The Setup and the Players
#14 Iowa rolled into Orlando on a seven game win streak, which included defeats of Big 10 powers Ohio State, Penn State, Wisconsin, and Purdue (they used to have a football team). All coach Kirk Ferentz needed for another 10 win season was to defeat the #12 Louisiana State Tigers and their massive amounts of SEC speed.
It's always fun to look at these old matchups, because you see the amount of talent on both sides of the ball. The Hawkeyes were led by quarterback Drew Tate and a defense stacked with future NFL players (Chad Greenway, Abdul Hodge, Sean Considine, Matt Roth, Jonathon Babineaux). LSU featured Indi star RB Joseph Addai and former #1 overall pick Jamarcus Russell...in backup roles. All-American DE Marcus Spears was the most hyped player for a defense that ranked third in the nation for ypg allowed, while Laron Laundry and Corey Webster (NYG) made the LSU backfield pretty damn intimidating.
Bama Hawkeye's Game Recap: Don't Drop The Baby
Things that people forget about that game:
It was a great game between two outstanding teams, regardless of how that last 9 seconds played out. Iowa dominated early and did all of the smart "little things" right. LSU brought JaMarcus Russell in at QB and started chipping away at the Hawkeye's early lead. The LSU go-ahead TD capped a great comeback by the Tigers.
Here are the countdown games so far...
#7 -- Georgia v Purdue, 2000 Outback Bowl
#8 -- Michigan State v Florida, 2000 Citrus Bowl
#9 -- Florida v Iowa, 2006 Outback Bowl
Kirk Ferentz and Drew Tate earned Fs in time management for the game ending possession. If you listen to Gary Dolphin calling the last 46 seconds, you can hear him saying "You gotta call a timeout" a dozen times. Iowa completed a pass short of a First Down with 30 seconds left and didn't call one of their two timeouts. Drew Tate spiked the ball with 16 seconds left, but the line wasn't set. 5 yard penalty (back to the Iowa 40) and the ref winds the clock. As Dolph yells, "They've started the clock AND DREW DOESN"T KNOW THAT!" Ferentz said that the miracle play really bailed him out for the clock management, and he was right. It should be noted, 2004 was the last year the TOs had to be called by a player (not a coach on the sideline).
Warren Holloway caught the ball at the 15 yard line. Despite the blown coverage, there were two LSU DBs with a shot at him. One was blocked by Ed Hinkel (one of those great unnoticed plays that wins games), the other missed the tackle at the 10 yard line. If the tackle is made, the clock runs out and LSU wins 25-24. Instead, Holloway gets his only career TD catch (and never has to buy a beer within the state lines again) on the last play of his career.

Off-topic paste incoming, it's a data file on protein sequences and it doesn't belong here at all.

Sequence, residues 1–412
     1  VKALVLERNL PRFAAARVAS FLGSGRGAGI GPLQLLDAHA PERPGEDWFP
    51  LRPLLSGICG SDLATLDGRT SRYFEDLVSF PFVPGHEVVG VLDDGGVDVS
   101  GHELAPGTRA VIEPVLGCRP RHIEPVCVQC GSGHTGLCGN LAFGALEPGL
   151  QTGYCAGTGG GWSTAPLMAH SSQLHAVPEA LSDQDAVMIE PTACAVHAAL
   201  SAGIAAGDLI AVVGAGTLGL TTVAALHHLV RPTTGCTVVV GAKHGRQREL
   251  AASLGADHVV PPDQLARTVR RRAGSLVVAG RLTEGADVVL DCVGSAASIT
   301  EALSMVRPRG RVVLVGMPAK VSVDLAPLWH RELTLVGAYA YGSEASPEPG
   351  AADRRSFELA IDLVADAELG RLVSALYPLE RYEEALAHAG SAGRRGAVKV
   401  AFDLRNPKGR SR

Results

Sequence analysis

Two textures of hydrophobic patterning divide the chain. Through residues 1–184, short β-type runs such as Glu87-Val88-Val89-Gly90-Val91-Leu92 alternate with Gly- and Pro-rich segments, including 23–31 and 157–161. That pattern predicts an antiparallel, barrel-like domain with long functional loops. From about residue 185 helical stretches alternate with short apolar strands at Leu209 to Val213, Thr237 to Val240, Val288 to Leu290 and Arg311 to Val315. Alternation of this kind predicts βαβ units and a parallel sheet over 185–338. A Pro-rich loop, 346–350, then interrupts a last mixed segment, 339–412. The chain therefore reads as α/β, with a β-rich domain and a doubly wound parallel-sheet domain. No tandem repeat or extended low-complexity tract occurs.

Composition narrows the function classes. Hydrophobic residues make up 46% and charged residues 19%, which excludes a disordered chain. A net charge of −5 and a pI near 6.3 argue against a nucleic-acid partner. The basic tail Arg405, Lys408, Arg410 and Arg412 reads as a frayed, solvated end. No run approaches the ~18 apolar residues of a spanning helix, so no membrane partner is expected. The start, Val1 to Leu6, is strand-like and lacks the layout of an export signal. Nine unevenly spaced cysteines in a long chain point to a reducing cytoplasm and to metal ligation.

As for me, I watched the game in my living room with my wife (also an Iowa grad) and my 5 week old son. As I was jumping up and down screaming, all my wife could say was "DON'T DROP THE BABY!!!!!!" One of my five favorite moments as a sports fan.
We didn't know at the time that this was the capstone of the 2002-04 Hawkeye run. The ‘05 season started with talk of a national championship, but the next three teams would each fail to meet their diminishing expectations.
Here's the audio of the Hawkeye radio play by play of the 46 seconds of that game on YouTube.
Here's the ESPN highlights.
Apparently Iowa had the nation's worst rushing attack in '04-'05. That's actually quite an accomplishment.
Check out the downfield blocking on the magnificent Broussard run. The Reggie Bush-like cut and spring was fancy. The wide receiver making a picture-perfect crackback block was gritty.
What the hell was LSU doing on the final play? It looks as if two defensive backs were sent on a blitz on the weak side...and then they stopped and waited for something, leaving open the wide receivers running go routes.
Check out this semi not intriguing interview with Tate before the game, discussing
how he hated O'Keefe his relationship with the coaches and the LSU defense.